Federal lands policy took up much of the space in this week’s letters to the editor across the warming state of Utah. But a brief letter on voting rights is certainly worth your time, too.
So here is Cliven Bundy, building his myth on lies and cowardice. Generations of his ancestors grazing lands? Try back to the 1970s.
What a brave boy. None of his fellow ranchers support him. Instead he has nutcase-terrorists rallying to his aid. Big brave boys who publicly state they will use their women as human shields. The terrorists we need to fear are not foreigners. We have them right here in our own back yard.
Norah Christine RunningWolf, Ogden
In response to Ms. Openshaw’s “Nevada’s Cattle and the Federal Government” (April 22), I submit that Mr. Bundy’s statements are not true facts.
His family has not been using the land since 1870. They actually bought the ranch in 1948, put cattle on it in 1950, bought water rights but Not Grazing Rights to Federal land. This and more genealogical and property records were complied by I-Team and reported on KLAS TV Las Vegas on April 21st.
Mr. Bundy can be called a “welfare rancher” for not paying grazing rights as so many decent ranchers do.
Gloria J. Perry, Payson
On May 10, a group from Blanding is planning an ATV ride in Recapture Wash to protest the BLM’s closure of the area to motor vehicles. I have walked the wash from the Recapture Wash Dam downstream to a point where one can exit near south Blanding. This is a lovely and remarkable riparian habitat with beaver ponds and a multitude of breeding birds.
I know that some will say that there are those who cannot enjoy the area unless assisted by motorized means. To this I say baloney. I am on Medicare and can still hobble down the path to enjoy the quiet and beauty of this special place. Even if I were not physically able to do this anymore, I could rejoice in the knowledge that a rare and unique place is being protected. I do not have to drive everywhere.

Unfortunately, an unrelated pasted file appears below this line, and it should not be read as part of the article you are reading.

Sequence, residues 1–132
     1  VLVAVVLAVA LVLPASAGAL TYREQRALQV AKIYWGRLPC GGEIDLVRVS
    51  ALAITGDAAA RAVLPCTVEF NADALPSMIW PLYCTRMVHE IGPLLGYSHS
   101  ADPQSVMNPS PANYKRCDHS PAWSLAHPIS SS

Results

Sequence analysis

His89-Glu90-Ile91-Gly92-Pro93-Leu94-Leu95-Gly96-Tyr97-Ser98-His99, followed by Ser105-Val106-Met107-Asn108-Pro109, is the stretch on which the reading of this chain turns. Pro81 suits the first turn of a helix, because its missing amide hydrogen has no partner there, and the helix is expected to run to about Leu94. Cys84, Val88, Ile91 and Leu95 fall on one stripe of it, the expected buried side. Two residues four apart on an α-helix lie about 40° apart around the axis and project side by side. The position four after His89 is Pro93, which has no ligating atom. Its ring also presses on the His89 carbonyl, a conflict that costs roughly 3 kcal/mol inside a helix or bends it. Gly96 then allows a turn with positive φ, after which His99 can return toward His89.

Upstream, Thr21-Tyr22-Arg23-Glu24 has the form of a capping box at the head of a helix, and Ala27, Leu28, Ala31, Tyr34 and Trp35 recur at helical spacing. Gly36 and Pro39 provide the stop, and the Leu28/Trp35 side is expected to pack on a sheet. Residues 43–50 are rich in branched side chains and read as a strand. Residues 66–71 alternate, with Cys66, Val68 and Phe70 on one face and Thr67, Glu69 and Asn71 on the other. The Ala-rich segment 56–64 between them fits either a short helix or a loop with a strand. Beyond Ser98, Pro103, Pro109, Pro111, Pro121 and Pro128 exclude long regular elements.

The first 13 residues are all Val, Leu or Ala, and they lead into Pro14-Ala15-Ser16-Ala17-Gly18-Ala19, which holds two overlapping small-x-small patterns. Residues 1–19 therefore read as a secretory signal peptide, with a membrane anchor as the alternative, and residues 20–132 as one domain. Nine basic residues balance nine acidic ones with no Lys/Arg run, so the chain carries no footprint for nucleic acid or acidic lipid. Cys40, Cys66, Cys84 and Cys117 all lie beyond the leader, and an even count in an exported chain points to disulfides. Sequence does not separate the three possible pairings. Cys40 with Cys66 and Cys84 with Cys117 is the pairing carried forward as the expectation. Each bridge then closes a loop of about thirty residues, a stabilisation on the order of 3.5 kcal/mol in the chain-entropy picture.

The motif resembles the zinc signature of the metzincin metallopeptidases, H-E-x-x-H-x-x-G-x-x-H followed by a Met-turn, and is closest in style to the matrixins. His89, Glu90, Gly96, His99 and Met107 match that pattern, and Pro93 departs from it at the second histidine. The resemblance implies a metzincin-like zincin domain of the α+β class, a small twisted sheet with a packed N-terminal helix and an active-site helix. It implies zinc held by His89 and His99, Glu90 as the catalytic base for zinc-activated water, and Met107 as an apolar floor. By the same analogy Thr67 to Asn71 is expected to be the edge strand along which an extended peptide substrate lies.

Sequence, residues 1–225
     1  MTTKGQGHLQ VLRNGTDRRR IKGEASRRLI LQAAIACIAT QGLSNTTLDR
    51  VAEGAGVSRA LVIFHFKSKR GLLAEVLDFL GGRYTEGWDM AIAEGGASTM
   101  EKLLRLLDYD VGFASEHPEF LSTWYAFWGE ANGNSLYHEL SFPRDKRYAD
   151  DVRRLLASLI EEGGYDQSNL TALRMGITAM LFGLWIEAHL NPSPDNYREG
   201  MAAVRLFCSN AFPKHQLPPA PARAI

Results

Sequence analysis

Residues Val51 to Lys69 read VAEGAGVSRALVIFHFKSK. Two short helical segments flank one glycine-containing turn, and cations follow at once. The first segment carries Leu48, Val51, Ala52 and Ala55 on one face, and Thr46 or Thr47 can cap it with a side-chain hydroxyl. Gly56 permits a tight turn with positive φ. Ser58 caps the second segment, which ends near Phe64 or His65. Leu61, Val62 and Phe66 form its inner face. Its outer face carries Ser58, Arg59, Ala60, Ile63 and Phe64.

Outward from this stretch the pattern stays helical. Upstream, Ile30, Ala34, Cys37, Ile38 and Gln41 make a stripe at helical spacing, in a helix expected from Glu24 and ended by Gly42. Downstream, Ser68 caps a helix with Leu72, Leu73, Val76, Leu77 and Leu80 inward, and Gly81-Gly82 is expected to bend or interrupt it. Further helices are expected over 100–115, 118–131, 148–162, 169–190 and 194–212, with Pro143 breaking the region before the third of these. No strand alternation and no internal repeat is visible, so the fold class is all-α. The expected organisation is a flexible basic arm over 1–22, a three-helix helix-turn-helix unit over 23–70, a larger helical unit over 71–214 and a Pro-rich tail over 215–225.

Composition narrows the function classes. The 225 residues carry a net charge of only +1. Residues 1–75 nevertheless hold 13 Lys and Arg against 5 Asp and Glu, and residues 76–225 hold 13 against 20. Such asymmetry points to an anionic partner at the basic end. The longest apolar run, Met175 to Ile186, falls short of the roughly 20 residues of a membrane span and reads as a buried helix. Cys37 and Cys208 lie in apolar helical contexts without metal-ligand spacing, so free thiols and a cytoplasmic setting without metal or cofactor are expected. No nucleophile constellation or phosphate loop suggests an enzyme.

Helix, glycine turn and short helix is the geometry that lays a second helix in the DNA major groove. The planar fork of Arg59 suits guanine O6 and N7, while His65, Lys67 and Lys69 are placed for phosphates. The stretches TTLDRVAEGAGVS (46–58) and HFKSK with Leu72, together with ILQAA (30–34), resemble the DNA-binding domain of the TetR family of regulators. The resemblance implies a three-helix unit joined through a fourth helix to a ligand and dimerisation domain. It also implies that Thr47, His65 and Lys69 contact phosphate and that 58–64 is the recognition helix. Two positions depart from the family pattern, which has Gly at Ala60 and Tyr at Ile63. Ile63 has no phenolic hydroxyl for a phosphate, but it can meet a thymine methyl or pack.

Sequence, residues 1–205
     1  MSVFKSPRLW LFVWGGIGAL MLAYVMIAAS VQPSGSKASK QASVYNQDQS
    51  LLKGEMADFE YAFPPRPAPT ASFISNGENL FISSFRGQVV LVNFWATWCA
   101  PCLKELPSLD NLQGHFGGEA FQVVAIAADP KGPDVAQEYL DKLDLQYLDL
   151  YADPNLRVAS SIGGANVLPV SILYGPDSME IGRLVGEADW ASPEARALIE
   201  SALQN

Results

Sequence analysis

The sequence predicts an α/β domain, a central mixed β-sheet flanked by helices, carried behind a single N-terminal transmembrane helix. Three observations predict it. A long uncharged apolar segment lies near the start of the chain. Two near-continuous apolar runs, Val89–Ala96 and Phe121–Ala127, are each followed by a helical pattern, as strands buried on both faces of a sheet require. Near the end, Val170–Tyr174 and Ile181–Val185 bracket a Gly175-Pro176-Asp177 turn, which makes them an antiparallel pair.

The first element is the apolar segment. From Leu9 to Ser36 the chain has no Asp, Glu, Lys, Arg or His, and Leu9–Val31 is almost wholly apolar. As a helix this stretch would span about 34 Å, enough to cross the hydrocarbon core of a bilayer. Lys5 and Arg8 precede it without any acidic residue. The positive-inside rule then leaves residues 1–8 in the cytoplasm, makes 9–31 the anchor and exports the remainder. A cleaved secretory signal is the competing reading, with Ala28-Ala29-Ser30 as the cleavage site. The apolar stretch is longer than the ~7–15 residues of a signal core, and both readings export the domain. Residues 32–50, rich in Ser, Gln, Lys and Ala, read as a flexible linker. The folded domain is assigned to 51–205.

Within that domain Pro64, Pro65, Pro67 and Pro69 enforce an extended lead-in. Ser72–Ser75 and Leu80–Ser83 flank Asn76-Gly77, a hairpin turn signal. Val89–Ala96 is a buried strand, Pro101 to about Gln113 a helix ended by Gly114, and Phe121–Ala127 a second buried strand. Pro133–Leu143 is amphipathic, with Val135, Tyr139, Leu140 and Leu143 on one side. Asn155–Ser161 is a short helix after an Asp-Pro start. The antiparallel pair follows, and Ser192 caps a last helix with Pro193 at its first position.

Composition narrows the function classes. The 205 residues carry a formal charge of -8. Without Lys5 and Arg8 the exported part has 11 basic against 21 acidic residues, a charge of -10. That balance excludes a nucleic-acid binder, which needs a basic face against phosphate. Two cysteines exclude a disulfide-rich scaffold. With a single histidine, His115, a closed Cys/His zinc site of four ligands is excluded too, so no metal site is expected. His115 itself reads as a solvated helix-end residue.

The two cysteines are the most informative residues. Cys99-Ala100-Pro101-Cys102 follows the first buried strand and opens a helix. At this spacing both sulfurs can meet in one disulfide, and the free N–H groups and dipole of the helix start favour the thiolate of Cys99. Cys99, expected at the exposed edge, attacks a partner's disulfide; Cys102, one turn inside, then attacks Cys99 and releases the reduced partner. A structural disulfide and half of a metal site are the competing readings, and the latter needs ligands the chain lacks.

Keep up the good work, BLM.
Stewart Aitchison, Flagstaff, Ariz.
A recent editorial discussed safeguards needed to protect the right to vote for all. While progress has been made, the sad fact is that voting discrimination still exists, and minorities throughout our country (including African-Americans, Latinos, Asian-Americans and others) continue to face attempts to block their right to vote, such as moving polling places, election dates and district boundaries.
The recently introduced Voting Rights Amendment Act that was mentioned would increase confidence in our electoral system by creating modern, flexible tools to protect the right to vote. These include fixes like allowing for real-time review of voting changes that may be discriminatory and increased notification and transparency of election changes. These steps to modernize the Voting Rights Act are needed to protect voters from current discrimination, which is why this bill has bipartisan support in Congress.
The editorial got one thing right — so far Congress has not moved forward on advancing this important voting rights bill. That is why I urge members of Utah’s congressional delegation and all in Congress to push this important legislation forward and protect the right to vote for all. Citizens of our democracy deserve no less.
Kitty Kaplan, Cottonwood Heights